Episode#45 – Quiet Leadership

Quiet Leadership

by Carlo Ancelotti with Chris Brady & Mike Forde


The book in one sentence

Leadership is based on listening, not talking.


My personal opinion

I believe business can still learn a lot from sports. Valuing the act of training for example. Training on a frequent, regular basis. Coming all together, training as a team. Analysing the performance of the team and each individual. Focusing on continuous improvement to better your best. That is why I really love reading about great sports people.

The book about Carlo Ancelotti was therefore interesting for me because of two aspects: he brings in the sports attitude and covers all the important areas of leadership. At its core, the book will tell you that leadership is about dealing with people. People, you have to listen to in order to understand them. Only based on this understanding you can lead effectively.

Leadership impacts and is impacted by a lot of things. The book covers several important aspects. All these aspects are explained in context to Ancelotti’s professional career as a soccer coach. This combination of entertaining stories and well reflected advice makes Quiet Leadership a good read for me. I think I read the whole book during one weekend. Here you can get an overview of the different chapters:

  • Experience
  • Culture
  • Hierarchy
  • Talent
  • The Workplace
  • Responsibility
  • The Product
  • Data
  • Growing
  • Values

What I really like the most about this book and Carlo Ancelotti is the way how he deals with people: he listens to everybody, he is open for new ideas from everybody, he tries to deal with everybody in an equal way and he strongly protects his team.


To whom I would recommend this book

Quiet Leadership can be interesting for you because of many things:

  • You love soccer? – go for this book!
  • You want to learn more about what makes a great leader? – go for this book!
  • You are more an introvert and want to learn more about the value of being quiet? – go for this book!


What I learned from this book

  • “As children, we first play the game because we fall in love with it. When I started playing professionally, I couldn’t believe my luck at being paid to do something I love. Sometimes, somewhere along the way the pressures and difficulties on and off the pitch can cause the passion to fade or die. It is my responsibility to help the players stay in love. If i can succeed in this, then I am happy.”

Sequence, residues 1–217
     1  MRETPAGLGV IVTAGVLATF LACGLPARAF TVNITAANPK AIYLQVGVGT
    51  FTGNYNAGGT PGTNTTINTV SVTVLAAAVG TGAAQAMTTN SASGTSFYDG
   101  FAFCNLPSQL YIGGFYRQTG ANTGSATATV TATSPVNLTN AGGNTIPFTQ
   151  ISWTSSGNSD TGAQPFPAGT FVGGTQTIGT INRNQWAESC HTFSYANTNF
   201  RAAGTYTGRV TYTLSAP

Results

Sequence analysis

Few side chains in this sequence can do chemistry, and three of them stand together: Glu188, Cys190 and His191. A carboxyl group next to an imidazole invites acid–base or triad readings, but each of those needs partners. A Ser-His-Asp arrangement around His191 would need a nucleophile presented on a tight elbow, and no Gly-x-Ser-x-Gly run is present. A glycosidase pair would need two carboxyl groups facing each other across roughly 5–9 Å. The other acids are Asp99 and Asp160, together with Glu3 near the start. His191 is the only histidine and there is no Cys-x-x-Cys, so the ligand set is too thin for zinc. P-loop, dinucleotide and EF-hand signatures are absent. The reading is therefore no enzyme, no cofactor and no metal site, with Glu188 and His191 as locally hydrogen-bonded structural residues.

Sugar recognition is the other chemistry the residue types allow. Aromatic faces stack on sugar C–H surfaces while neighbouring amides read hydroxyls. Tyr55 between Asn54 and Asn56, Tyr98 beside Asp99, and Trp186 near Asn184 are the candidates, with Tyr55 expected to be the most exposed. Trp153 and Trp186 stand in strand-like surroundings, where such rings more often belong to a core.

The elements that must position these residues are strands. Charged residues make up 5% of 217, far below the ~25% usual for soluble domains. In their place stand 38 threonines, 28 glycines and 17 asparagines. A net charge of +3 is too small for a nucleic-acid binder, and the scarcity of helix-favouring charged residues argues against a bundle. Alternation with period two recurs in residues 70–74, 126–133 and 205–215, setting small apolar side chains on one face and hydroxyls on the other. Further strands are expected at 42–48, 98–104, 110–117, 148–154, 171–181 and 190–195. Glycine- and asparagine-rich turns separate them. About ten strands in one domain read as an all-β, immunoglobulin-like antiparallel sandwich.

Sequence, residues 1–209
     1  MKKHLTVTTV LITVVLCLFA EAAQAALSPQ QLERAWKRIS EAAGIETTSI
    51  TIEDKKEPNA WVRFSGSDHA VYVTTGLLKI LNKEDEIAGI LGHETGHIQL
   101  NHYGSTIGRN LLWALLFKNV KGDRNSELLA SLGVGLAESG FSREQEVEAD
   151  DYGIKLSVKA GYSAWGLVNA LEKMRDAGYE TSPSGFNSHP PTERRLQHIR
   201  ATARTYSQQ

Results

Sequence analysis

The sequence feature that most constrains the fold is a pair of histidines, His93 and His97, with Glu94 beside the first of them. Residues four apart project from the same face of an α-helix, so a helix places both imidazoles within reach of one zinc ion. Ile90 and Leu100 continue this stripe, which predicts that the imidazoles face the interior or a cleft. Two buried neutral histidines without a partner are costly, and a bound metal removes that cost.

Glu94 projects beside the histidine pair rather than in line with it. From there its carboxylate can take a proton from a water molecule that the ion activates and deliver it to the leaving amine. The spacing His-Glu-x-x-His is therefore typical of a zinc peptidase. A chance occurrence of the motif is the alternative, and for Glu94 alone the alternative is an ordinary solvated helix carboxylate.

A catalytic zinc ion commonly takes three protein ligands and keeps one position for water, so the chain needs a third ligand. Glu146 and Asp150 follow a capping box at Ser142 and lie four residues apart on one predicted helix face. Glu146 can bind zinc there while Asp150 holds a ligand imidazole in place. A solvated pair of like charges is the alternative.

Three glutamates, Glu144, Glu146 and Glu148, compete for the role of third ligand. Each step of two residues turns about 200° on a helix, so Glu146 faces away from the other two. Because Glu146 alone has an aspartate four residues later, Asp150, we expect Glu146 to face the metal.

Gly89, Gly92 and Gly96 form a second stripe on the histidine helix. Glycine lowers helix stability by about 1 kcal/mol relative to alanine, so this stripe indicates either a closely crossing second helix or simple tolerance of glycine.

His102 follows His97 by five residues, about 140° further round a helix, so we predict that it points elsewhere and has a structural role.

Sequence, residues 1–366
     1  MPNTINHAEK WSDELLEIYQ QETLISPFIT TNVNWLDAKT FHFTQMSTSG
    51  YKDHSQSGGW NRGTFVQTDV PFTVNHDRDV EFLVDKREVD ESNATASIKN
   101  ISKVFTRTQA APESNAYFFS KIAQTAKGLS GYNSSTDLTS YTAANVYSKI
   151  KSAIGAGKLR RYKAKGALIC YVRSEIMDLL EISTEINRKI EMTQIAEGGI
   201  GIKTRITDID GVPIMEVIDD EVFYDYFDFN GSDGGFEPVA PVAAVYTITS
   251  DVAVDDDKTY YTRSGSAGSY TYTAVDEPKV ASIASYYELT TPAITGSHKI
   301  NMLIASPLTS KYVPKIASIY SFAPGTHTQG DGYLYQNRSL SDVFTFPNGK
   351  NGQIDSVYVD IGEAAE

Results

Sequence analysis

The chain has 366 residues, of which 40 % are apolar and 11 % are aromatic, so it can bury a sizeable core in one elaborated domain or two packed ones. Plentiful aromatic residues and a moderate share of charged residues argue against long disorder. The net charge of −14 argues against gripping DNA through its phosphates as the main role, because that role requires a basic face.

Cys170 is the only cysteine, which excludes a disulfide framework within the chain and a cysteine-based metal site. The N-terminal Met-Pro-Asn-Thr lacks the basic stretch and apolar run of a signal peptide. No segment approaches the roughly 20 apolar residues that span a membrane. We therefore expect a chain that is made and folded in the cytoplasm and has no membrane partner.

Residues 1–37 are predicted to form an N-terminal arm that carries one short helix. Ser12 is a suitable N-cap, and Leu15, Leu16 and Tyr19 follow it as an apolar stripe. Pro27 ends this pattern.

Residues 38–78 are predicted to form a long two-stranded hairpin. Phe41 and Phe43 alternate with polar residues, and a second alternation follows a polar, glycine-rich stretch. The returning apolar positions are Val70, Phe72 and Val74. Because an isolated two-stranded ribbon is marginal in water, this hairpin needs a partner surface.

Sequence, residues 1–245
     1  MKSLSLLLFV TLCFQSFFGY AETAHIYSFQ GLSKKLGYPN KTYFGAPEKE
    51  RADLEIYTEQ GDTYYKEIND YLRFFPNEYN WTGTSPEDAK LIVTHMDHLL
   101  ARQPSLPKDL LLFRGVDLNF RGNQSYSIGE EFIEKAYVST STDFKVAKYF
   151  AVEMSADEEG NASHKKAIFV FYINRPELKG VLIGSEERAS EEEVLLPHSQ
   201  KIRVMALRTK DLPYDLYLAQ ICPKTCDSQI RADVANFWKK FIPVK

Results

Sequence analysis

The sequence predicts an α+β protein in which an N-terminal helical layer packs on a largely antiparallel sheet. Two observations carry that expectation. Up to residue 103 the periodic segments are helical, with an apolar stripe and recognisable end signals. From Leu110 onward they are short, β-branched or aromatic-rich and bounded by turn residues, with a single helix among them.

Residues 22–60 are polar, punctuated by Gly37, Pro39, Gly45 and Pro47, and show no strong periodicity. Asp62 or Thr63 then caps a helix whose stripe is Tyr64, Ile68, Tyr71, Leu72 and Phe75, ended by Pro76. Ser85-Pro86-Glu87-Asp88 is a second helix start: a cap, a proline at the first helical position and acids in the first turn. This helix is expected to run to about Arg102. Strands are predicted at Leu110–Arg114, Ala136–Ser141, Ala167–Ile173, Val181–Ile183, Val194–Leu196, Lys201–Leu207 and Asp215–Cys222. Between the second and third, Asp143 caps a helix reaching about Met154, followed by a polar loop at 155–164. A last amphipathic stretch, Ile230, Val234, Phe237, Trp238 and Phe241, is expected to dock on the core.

• “This is the way at the big clubs. You have to wait for your chance and then take it. And, when you do take it, you have to know that you will always be challenged. There is no room for complacency at a big club and it is important […] to know that.”
  • Even if you had success in the past, if you join a new team as a leader your “honeymoon period” will not last long. Soon your team members will ask “What can this guy do for me?”
  • “A manager has to work with the player to try to get him to be clear about his development; to understand what makes him great.” – I personally think this is an important statement. We all have strengths which makes us great in what we do and which led us to the place we are today. Over time and in joining more complex (work) environments we can get distracted and explore a lot of other areas. Trying out new things is good, of course. Don’t get me wrong. But remembering our strengths and leveraging them continuously helps to deliver more value. I believe in strengthening one’s strength. And I believe a good manager can help to recognise what makes us great and to develop a certain level of focus to work on our strengths.
  • “The transition from member of staff to leader is not as straightforward as you think. You have to understand that, no matter how insignificant you think your actions and words are, to your staff you cast a shadow over most aspects of their lives. Take that responsibility seriously; take care of people and don’t abuse power.”
  • “He treats everybody as an equal. He never dismiss someone just because they are not at his level; he will always listen.” – Cristiano Ronaldo on Carlo Ancelotti
  • Always be open to new ideas: “A culture of improvement is essential to success.”
  • “Cliques are unacceptable; […]integration is the only way to win.”
  • “[…] but Carlo would never  agree with the [club] owners if they criticised the players. He would always protect us. He would say that the players had done everything he had asked of us.” – Zlatan Ibrahimovic on Carlo Ancelotti
  • “Another important thing about Carlo was that, when the team was going through a difficult time, he made it all about the manager, putting it all on himself. Even if there were things going on around the club that were disturbing, he would never let it affect the players. He would take all the pressure of us and blame himself – that’s what great managers do.” – David Beckham on Carlo Ancelotti
  • “He doesn’t accept losing easily.” – John Terry on Carlo Ancelotti
  • Establish high standards.
  • Take time off.
  • “[…] leading is not about how you see yourself, but how others see you.” – so, be a role model for your team!


Want to read this book?

Check it out on Amazon.com – Quiet Leadership by Carlo Ancelotti with Chris Brady & Mike Forde



Thanks to the publisher for printing such a great book!

Portfolio Penguin